They say you don't really know a person until you travel together, but is that true if the person is your mother?
I asked myself this on our recent trip to Arizona, our first mother-daughter vacation in almost 10 years. We had an amazing time and got along great, but I noticed some new quirks, beginning as soon as our first flight.
"Can you open the window?" she asked.
"Sure." I slid the shade up and squinted into the light. "Wow, you can see - "
"Nm-mm," my mother grunted, and I noticed she was shielding her eyes.
"Sorry, too bright?"
"No, I don't want to see how high we are. It scares me."
Now I squinted at her. "You asked me to open it."
"Yes, but I don't want to see!"
I know her, but do I understand her?
I wondered again by the pool in Scottsdale, when I lowered my sunglasses to see my mother approaching with what appeared to be a cloth napkin tied around her head.
"Perfect, huh?" She posed like a pirate beauty queen. "I went to the gift shop for something to cover my head, but then I realized, I could get this from the restaurant! It's just like a bandanna!"
"It's even more like a napkin." And I reminded her she had a ball cap in the bag.
"Nah, the brim blocks the sun." She settled down on the chair next to me, readjusting her bandanna-napkin.
I slid down behind my book.
Another of my mom's quirks is that she loves to order drinks, or "dwinks" when she's ready to party, but she hates the taste of alcohol. She always forgets this last part.
"Can I taste it?" She sipped my sauvignon blanc and grimaced. "So winey."
The only wine sweet enough for her is Lambrusco, an unusual, sparkling red, and when she asks for it, she tricks waiters into thinking she's a jaded oenophile. Most restaurants don't have it, so the waiter will suggest other esoteric options, using words like tannic and peaty.
I wanted to tell him she wants notes of "juice box." Do you have a juice box wine?
As the server left to bring a sample of a "jammy" pinot noir I knew she'd suffer through, I said, "You don't have to order a drink."
"Of course I do, we're on vacation!"
She had a point.
I was getting the hang of Vacation Mom, when I anticipated a problem. If a peek out an airplane window was too much for her vertigo, how was she going to enjoy the Grand Canyon?
The irony was that she'd planned the trip. The Grand Canyon was entirely her idea; she had even booked a guide to take us hiking into it.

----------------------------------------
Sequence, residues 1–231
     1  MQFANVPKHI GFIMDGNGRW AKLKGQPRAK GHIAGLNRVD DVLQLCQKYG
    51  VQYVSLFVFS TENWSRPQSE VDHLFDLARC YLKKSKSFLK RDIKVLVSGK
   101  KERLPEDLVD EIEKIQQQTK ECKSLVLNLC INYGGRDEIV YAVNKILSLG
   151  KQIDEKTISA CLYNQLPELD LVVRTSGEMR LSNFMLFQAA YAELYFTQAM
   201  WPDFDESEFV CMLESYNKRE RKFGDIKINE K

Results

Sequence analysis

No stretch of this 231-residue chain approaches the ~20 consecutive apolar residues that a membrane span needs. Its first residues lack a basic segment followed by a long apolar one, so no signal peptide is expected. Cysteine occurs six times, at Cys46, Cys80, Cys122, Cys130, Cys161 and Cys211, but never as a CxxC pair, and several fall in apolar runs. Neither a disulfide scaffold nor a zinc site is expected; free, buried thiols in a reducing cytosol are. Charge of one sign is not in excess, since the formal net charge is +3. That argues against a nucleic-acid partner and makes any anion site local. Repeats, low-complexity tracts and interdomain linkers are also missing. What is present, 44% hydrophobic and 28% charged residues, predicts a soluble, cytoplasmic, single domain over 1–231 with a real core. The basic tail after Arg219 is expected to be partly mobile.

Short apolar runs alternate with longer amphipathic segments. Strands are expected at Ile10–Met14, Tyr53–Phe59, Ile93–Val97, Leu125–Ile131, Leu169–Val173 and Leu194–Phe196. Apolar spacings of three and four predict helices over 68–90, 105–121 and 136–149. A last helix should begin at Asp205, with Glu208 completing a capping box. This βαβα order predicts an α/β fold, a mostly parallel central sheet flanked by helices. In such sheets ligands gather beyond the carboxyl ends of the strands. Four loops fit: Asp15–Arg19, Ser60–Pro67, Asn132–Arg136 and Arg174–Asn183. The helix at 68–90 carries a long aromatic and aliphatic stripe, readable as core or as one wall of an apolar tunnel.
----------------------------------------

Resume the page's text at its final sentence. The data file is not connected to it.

I sat her down. "I'm worried about you. You need to mentally prep that it's going to be really, really huge, and you might get freaked out by the height."
She waved me off. "It'll be great, I just won't go on the high parts."
"Mom, I think the whole thing is a high part."
Cue the sound track to City Slickers.
But when the day came, my mom closed her eyes for much of the mountainous drive up (don't worry, she was in the backseat), yet remained in good spirits!
We arrived at the canyon, and the guide showed us to the top of the steep trail. Or at least he pointed to it from a safe distance, because my mom refused to get out of the car. I said I couldn't leave her in there like a dog, but she insisted: "You go. That's why I hired him. I want you to have a good time."
I was touched. And I realized how much of my mom's behavior was to make me happy: a good view from the window seat, fun drinks at dinner (OK, the napkin thing was just weird and I got nothing from that). She wouldn't let her quirks keep us from having an unforgettable vacation.
In the end, I made it less than 30 minutes down into the canyon before my own vertigo forced me to turn back. When I reemerged on the top, flat ground, there was no sweeter sight than my mom, bravely out of the car, trying to take a photo with a shaky hand while gripping - a good 10 yards from the gorge's edge - onto a signpost for dear life.
When she saw me, she broke into a grin, still clinging to the signpost like a koala. "How was it?"
I smiled. "Perfect."
Look for Lisa and Francesca's humor collection "I've Got Sand in All the Wrong Places" and Lisa's new domestic thriller, "One Perfect Lie," in stores now. firstname.lastname@example.org.